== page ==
Universal Forest Products sees record earnings gain following acquisition of idX
GRAND RAPIDS, Mich. -- Universal Forest Products, Inc. (Nasdaq:UFPI) announced record net earnings and net sales for the fourth quarter and full year 2017, even though the latest quarter and year that had one less operational week compared to 2016. (In 2016, that extra week accounted for over $60 million in net sales and over $2 million in operating profit.)
Net earnings attributable to controlling interest were $31.1 million, up 50 percent; changes to the corporate tax rate contributed $6.4 million while unit sales accounted for 5 percent of the growth, largely due to the acquisition of retail store interiors giant idX. Price increases accounted for almost 8 percent, as lumber prices rose. In 2017, average prices for framing lumber and southern yellow pine rose 20 percent and 7 percent, respectively, over 2016. But the timing of the rise didn't work in Universal Forest Products favor, says CEO Matthew J. Missad, as prices fell during the peak selling times, reducing margins on certain products.
“The employees of Universal did a great job managing our business through a challenging lumber market that pressured margins for our products at different periods throughout the year,” said Missad. 
“We experienced terrific growth with new products in 2017, making significant inroads in the retail market with new products such as our UFP-Edge profile lines and several product introductions in our Deckorators line,” Missad said.
For the year, new product sales grew 23.5 percent to $418.4 million, compared to $338.6 million in 2016. “Despite the challenges that remain in the lumber market, we are optimistic about our strategic initiatives for 2018 and beyond. To support those initiatives, we are investing a portion of the income we will save from the tax reform bill in capital expenditures.”
By market, the Universal Forest Products reported the following 2017 results:
Retail: Fourth Quarter: $330.6 million in gross sales, up 20 percent over the fourth quarter of 2016. Unit sales contributed 13 percent of the growth; price increases accounted for 7 percent. Acquisitions accounted for 10 percent of the increase.
Full Year: $1.49 billion in gross sales, up 15 percent over 2016, led by a 10 percent increase in unit sales and a 5 percent increase in selling prices. Acquisitions contributed 7 percent of the sales growth.  Sales to this market were affected by a record hurricane season, which resulted in a temporary increase in sales of low-margin commodity products.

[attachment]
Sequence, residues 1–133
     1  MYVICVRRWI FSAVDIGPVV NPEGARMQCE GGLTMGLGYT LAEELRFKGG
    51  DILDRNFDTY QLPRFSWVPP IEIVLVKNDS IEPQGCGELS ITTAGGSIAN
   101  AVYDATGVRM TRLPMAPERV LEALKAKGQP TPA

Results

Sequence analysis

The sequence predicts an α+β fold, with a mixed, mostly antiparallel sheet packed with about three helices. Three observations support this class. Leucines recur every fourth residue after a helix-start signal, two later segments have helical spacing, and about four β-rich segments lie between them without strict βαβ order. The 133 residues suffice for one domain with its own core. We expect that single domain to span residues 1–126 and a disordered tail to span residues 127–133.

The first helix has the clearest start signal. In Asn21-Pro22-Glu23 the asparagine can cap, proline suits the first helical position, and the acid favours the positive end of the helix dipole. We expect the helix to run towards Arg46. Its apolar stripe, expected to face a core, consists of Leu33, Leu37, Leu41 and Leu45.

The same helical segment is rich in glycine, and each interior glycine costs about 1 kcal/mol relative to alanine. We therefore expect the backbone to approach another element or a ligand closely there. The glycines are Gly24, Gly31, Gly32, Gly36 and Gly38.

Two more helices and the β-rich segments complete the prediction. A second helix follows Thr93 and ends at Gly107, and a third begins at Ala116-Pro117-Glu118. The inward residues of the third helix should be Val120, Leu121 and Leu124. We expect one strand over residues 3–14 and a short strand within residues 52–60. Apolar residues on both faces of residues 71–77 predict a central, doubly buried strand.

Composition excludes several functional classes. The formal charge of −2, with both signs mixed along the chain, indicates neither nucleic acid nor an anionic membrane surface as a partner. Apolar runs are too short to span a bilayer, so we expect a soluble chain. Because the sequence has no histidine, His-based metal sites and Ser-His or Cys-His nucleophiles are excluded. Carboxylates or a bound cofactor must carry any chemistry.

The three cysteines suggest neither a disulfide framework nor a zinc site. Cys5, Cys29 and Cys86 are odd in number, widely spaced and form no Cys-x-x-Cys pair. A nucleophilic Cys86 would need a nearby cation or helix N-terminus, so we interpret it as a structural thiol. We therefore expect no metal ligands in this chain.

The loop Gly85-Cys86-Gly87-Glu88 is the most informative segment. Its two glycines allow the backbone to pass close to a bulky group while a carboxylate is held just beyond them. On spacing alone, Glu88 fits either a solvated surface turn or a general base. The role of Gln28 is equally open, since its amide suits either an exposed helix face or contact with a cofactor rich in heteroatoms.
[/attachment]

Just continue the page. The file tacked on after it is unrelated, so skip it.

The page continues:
Construction: Fourth Quarter: $305.8 million in gross sales, up 10 percent over the fourth quarter of 2016, mostly due to price increases as a result of the lumber market. Unit sales to manufactured housing customers grew 4 percent during the period, while sales to residential and commercial construction customers fell 2 percent and 3 percent, respectively. Residential construction sales were likely affected by project delays associated with higher lumber prices.
Full Year: $1.18 billion in gross sales, up 16 percent over the previous year, driven by a 7 percent increase in unit sales and a 9 percent increase in prices.  Residential construction unit sales grew 7 percent, and unit sales to manufactured housing customers rose 9 percent over 2016.
Fourth Quarter: $345.1 million in gross sales, up 9 percent over the fourth quarter of 2016; price increases accounted for 7 percent of the growth while unit increases accounted for 2 percent.
Full Year: $1.33 billion in gross sales, up 35 percent over the previous year. Unit sales increased 29 percent, primarily due to the Company’s acquisition of idX Corporation in September of 2016.  
For more about Universal Forest Products, go to www.ufpi.com.

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Bill Esler | ConfSenior Editor

Bill wrote for WoodworkingNetwork.com, FDMC and Closets & Organized Storage magazines. 

Bill's background includes more than 10 years in print manufacturing management, followed by more than 30 years in business reporting on industrial manufacturing in the forest products industries, including printing and packaging at American Printer (Features Editor) and Graphic Arts Monthly (Editor in Chief) magazines; and in secondary wood manufacturing for WoodworkingNetwork.com.

Bill was deeply involved with the launches of the Woodworking Network Leadership Forum, and the 40 Under 40 Awards programs. He currently reports on technology and business trends and develops conference programs.

In addition to his work as a journalist, Bill supports efforts to expand and improve educational opportunities in the manufacturing sectors, including 10 years on the Print & Graphics Scholarship Foundation; six years with the U.S. WoodLinks; and currently on the Woodwork Career Alliance Education Committee. He is also supports the Greater West Town Training Partnership Woodworking Program, which has trained more than 950 adults for industrial wood manufacturing careers. 

Bill volunteers for Foinse Research Station, a biological field station staddling the border of Ireland and Northern Ireland, one of more than 200 members of the Organization of Biological Field Stations.